Pac-10: Aligning the divisions rough
The Pac-10 had a solid plan for divisional realignment. Whatever six Big 12 schools were coming would join Arizona State and Arizona for an eastern division. The old Pac-8 schools would stay in the western division.
But now that the Pac-10 has gone from a hoped-for Pac-16 to the Pac-12 by adding Utah and Colorado, the politicking has begun again. And it’s not easy.
I assume Pac-10 commissioner Larry Scott had to do a lot of talking to get Arizona State and Arizona to agree to leave its 32-year partners in a new division. UofA and ASU are like every other school in the Pac-10; they make the most out of those annual football trips to Los Angeles to play either UCLA or USC.
Which is why the new Pac-12 will have trouble slicing up the divisions. Colorado officials said they had agreed to be in a Pac-12 South with Utah, the LA schools and the Arizona schools.
But that apparently has brought angst from the North schools — Stanford, Cal, Oregon, Oregon State, Washington and Washington State. All recruit greater Los Angeles and reap the benefits of a game a year in southern California.
Go to that scheduling format with an eight-game conference schedule, and the North schools would go to LA only twice every four years. Go with a nine-game conference schedule, in which every school would have an annual crossover opponent, and that would solve the problem of probably Cal (paired with UCLA as University of California system partners) and Stanford (paired with USC as the only private schools in the league). But the four schools of the Pacific Northwest, which need the LA exposure worse than anyone, would still be disenfranchised.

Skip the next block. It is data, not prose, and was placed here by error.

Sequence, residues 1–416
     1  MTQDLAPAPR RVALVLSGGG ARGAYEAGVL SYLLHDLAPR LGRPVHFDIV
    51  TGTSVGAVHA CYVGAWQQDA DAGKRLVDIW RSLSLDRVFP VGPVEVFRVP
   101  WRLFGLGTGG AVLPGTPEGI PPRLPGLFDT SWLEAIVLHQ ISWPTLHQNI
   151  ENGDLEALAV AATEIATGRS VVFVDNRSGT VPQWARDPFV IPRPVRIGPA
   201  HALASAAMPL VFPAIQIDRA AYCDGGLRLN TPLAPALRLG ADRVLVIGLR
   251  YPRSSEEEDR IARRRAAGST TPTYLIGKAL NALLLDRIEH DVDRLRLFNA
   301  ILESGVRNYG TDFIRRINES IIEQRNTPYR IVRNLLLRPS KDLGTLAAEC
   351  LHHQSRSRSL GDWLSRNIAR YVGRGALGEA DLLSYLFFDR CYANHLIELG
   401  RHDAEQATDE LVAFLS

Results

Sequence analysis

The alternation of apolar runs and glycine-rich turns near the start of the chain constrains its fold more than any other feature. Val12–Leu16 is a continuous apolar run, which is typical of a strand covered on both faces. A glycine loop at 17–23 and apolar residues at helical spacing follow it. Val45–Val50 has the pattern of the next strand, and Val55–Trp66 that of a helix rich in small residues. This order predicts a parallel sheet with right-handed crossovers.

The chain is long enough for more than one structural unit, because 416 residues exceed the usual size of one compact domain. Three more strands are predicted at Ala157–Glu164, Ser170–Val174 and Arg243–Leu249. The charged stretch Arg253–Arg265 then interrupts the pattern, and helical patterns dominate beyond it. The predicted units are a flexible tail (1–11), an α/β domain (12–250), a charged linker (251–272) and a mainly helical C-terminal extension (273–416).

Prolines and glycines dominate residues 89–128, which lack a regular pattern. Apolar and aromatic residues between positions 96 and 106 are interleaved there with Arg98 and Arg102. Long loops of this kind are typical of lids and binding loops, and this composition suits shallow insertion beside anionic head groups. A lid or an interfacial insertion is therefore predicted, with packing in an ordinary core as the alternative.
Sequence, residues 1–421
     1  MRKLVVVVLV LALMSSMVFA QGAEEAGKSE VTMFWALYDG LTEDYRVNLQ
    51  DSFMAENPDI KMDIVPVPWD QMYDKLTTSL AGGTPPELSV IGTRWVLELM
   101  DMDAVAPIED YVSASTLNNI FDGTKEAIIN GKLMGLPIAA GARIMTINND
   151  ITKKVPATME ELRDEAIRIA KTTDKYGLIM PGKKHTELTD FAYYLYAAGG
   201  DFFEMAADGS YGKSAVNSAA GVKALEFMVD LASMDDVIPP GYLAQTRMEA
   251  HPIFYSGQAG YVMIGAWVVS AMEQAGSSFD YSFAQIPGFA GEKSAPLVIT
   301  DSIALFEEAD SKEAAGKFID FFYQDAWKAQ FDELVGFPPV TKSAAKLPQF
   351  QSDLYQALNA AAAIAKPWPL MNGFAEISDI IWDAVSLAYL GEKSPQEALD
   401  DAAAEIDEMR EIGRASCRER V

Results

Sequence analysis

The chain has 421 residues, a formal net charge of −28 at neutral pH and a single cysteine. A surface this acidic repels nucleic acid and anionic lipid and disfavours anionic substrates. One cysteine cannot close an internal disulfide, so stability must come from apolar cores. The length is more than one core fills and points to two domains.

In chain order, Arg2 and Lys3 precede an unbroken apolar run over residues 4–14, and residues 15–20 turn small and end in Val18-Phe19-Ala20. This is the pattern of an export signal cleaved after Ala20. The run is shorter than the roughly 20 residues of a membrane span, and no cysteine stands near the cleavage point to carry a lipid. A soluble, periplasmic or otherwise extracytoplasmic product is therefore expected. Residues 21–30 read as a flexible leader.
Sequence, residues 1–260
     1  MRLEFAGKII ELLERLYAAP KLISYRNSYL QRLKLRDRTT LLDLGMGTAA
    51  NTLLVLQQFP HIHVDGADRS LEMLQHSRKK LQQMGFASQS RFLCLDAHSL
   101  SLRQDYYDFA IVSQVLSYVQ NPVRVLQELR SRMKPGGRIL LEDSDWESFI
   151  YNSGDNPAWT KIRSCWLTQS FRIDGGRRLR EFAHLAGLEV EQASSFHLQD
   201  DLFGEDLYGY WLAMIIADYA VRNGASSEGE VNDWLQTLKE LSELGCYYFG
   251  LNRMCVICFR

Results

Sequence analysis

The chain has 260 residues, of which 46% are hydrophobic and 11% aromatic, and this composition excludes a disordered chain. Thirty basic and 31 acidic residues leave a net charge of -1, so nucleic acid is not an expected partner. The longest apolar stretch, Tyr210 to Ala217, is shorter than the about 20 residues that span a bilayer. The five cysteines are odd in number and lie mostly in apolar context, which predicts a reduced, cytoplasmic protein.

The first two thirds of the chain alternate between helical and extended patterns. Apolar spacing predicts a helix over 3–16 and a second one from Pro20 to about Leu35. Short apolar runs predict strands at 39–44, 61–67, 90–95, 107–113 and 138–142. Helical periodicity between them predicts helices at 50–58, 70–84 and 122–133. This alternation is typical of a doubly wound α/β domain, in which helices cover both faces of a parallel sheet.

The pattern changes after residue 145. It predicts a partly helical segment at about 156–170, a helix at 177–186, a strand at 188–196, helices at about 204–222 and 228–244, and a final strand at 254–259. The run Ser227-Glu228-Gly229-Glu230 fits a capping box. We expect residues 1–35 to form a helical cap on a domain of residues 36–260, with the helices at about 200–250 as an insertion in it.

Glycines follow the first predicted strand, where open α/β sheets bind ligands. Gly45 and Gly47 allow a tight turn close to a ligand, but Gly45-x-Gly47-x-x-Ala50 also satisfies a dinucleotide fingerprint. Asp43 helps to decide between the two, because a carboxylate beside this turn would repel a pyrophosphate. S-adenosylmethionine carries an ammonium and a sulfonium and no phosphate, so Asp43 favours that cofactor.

Some have suggested a zipper format, whereby each set of natural partners — UW-WSU, Oregon-Oregon State, Stanford-Cal, SC-UCLA, UofA-ASU, Utah-Colorado — would be split. Washington State and Washington would be placed in separate divisions, same with the Oregon schools, the Arizona schools, etc. Then play a nine-game conference schedule and allow your natural rival to be an annual opponent.
Using that method, every team would play in Los Angeles seven times every 10 years.
And you think this is complicated. Just wait until we get around to dividing up the Big Ten.
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